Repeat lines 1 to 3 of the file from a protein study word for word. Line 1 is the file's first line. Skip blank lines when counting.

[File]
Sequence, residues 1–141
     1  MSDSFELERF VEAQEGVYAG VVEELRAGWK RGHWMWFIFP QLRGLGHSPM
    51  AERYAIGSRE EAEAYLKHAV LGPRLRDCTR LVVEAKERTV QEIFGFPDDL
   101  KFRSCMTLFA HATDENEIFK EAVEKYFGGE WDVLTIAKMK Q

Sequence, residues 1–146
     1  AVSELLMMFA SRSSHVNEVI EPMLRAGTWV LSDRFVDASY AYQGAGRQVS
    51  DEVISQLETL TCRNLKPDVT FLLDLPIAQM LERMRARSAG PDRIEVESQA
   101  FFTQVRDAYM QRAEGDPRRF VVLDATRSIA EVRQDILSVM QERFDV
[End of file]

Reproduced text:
Sequence, residues 1–141
     1  MSDSFELERF VEAQEGVYAG VVEELRAGWK RGHWMWFIFP QLRGLGHSPM
    51  AERYAIGSRE EAEAYLKHAV LGPRLRDCTR LVVEAKERTV QEIFGFPDDL